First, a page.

26 April, 2004

On the Road with the Red God

Art & Society
On The Road With The Red God
Kesang Tseten’s new film captures both the Rato Machhindranath festival and the preprations accompanying the grand event in a blow-by-blow rendition

Nation Weekly, August 26, 2004

The sight of a priest proudly display- ing a tiny vest at the Rato Machhindranath festival has been etched into our national consciousness. “On the road with the Red God: Machhindranath” is a film recently made by Kesang Tseten. Tseten takes 110 hours of footage of various acts of human ingenuity and devotion to what seems like a lost cause—namely, the construction of an unwieldy 100 foot chariot that gets tangled up in the electric wires of Patan and tilts drunkenly as it is dragged and pushed and pulled by enthusiasts across flood-washed roads every 12 years, and where men get roaring drunk and get into fights all the way from Bungmati to Patan, and then repeat the process all the way back.

Behind the vest rests a red god, known as the Rato Machhindranath. This is the divinity worthy of all that work—painters, artisans, rope-makers and carpenters donate days of working hours to build him that sky-high vehicle. Thought to be a manifestation of Avalokiteswor, the Buddha of Compassion by some, and Shiva by others, the Rato Machhindranath enjoy a popular following. While we have all seen this god in one form or another—postcard, photograph, television appearance—what is not clear to most Valley residents is why this god in general, and his festival in particular, took on such national significance.

Tseten’s film, by carefully documenting the entire process from the beginning, brings us a rare behind-the-scene glimpse of a production involving uncountable actors and decision-makers, from the guthis of Bungmati and Patan to the hundreds of people who materialize to drag the chariot back and forth between the two cities.

The festival can appear, on first sight, to be a classic excuse to get drunk and get into a good fight. Buff young men fight each other to get on the prow-shaped steering brake. The ousted men are unceremoniously pulled off. Acrimonious exchanges involving everything from the division of meat to the dogs to assigning blame for the tilting of the chariot is apparent. Scenes of conflict abound, and after a while you begin to wonder how people even manage to get that goddamn chariot upright, let alone drag it all the way from Bungmati to Patan.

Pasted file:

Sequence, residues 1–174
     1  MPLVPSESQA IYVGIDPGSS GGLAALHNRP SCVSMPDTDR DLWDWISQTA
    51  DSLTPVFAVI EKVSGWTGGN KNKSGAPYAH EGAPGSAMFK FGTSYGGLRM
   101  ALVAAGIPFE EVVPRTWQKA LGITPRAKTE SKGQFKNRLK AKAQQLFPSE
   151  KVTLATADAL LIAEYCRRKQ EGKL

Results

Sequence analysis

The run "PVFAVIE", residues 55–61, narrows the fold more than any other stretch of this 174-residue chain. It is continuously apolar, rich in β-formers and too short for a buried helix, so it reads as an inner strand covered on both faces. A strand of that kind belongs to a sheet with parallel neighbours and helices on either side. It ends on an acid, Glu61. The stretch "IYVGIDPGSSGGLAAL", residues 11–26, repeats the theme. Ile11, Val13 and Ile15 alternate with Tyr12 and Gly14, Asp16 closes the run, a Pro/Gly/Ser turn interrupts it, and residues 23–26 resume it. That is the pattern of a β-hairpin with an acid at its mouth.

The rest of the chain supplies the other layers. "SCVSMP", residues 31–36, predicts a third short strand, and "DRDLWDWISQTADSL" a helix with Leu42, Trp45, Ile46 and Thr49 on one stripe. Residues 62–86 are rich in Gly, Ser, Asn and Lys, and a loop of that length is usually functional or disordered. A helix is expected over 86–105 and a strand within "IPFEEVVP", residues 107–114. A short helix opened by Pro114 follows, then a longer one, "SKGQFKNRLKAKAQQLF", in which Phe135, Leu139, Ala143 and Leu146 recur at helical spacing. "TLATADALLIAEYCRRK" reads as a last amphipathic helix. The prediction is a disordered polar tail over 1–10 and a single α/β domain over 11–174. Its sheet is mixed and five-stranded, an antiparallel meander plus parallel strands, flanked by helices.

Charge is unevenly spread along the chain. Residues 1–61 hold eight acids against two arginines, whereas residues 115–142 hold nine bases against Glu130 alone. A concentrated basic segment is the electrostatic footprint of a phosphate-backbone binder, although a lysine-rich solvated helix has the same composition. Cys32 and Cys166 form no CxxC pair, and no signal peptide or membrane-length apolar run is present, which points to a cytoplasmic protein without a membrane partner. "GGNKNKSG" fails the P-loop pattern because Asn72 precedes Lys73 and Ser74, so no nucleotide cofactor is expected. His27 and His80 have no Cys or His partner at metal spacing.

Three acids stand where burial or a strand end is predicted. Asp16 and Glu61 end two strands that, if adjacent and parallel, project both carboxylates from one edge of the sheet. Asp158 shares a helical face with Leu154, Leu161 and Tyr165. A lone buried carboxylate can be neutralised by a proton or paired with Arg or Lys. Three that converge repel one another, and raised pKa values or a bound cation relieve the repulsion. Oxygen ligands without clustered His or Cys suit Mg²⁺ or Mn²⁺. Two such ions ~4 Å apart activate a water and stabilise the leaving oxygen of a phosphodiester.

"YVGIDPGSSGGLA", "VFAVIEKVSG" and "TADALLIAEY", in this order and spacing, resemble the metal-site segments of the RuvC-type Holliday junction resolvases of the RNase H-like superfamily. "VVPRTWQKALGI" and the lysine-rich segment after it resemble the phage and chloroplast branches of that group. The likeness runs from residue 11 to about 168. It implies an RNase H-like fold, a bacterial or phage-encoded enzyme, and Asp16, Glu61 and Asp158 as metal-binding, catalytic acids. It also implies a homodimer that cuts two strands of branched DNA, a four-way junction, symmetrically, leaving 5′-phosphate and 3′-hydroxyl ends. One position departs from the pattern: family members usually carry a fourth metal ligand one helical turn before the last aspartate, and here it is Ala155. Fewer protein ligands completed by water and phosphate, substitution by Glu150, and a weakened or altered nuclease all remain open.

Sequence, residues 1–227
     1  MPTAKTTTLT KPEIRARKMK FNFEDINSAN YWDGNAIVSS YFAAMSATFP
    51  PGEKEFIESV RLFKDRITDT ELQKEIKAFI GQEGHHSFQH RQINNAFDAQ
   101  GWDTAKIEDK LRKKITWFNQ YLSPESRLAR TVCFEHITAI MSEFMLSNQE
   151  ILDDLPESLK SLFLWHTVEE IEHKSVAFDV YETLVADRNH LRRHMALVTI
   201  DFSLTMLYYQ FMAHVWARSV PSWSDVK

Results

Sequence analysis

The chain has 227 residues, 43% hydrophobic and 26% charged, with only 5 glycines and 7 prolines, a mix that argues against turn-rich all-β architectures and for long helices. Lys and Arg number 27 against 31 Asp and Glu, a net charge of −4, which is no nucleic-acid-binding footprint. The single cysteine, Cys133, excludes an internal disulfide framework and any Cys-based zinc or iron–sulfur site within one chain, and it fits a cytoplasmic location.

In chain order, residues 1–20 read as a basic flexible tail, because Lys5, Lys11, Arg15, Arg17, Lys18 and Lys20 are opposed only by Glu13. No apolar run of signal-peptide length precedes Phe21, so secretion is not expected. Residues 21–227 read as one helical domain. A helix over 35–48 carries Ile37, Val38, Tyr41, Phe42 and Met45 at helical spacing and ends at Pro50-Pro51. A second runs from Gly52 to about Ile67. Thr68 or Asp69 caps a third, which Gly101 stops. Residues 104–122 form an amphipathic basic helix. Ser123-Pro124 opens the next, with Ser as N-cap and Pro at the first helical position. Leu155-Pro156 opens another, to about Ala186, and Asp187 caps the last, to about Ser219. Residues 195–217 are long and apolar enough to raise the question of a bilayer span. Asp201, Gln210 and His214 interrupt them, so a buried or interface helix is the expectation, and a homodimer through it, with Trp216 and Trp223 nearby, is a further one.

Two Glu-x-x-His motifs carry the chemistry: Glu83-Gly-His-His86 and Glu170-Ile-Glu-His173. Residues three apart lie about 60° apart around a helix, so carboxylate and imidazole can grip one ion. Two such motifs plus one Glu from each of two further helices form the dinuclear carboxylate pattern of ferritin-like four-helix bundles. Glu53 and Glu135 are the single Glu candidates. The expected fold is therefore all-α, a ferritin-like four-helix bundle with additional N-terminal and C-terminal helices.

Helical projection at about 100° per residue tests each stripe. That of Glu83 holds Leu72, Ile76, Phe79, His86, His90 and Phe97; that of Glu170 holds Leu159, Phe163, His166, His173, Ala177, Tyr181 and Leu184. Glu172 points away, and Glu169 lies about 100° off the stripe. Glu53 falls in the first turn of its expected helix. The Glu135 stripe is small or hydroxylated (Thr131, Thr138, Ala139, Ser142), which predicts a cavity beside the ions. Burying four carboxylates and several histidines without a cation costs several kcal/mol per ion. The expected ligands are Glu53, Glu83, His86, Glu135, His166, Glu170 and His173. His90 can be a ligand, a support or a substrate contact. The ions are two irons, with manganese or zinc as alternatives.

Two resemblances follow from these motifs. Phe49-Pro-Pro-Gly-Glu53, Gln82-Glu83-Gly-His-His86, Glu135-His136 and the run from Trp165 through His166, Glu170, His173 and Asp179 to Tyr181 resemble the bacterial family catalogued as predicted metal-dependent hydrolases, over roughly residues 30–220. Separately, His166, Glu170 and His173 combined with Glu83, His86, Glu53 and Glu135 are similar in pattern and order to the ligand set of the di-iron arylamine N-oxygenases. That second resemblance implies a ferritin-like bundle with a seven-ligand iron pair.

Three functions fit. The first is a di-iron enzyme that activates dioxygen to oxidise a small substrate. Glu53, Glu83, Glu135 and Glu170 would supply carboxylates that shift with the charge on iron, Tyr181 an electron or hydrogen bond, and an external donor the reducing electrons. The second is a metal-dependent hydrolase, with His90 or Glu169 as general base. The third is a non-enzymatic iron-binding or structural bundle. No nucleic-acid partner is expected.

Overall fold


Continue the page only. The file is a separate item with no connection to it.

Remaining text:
If the chariot falls down and touches the ground, bad things happen. Kings can die, royal families can get massacred, and the guthi people can mysteriously get sick and die in mass numbers. The chariot has to be rebuilt anew in the event of such a calamity. So there rests a level of national responsibility amongst all the people involved in the venture. Some measure of co-operation amongst all the different people—from the men who run alongside and swiftly put a piece of wood in between the wooden wheels to brake the momentum, to the men perched on top who give the navigational directions, to the buff young men doing the steering, to the hundreds of volunteers who pull the ropes—has to exist. And don’t forget the women who brew all that potent alcohol.

After a while, the seeming chaos and loose organization take on a logic of their own. In spite of the overt conflict, which gets hashed out at every level, it’s apparent that the co-operative nature of Newari society remains the core spirit that guides the enterprise. While it started out as a local Newari festival, the discourse on the streets makes it clear that all Nepalis think of the festival as their own. When the chariot finally makes it into Jawalakhel, the level of mass participation and work involved in the process comes to fruition. When the priest takes out that tiny vest and displays it so proudly to the country, he is not just taking out a medieval garment—he is also taking out the symbol of a process in which, in spite of the conflict that exists at every level of society, the spirit of co-operation has again triumphed over small differences and created a structure in which such a mind-bogglingly complicated event could take place.

In both a literal and a symbolic level, the festival is an analogy of any large structure, i.e., our nation-state. Conflict exists at all levels in every organization. The trick is to find a way to resolve it without major calamity. Tseten, by actively editing footage to show the reality of conflict and its day-to-day resolution, follows more than a chariot. He is following the god behind that vest—the god of compassion that can allow a society made up of diverse and heterogeneous groups of people to come together and work on a national project without getting crushed.

(Writers note: This review was written after watching the first or second edit of "Red God". The documentary was then edited several times since then, and has taken a completely new form. Apologies if it misleads the reader and documentary watcher--but as with all works of art, I think its interesting to see all steps of the creation.)

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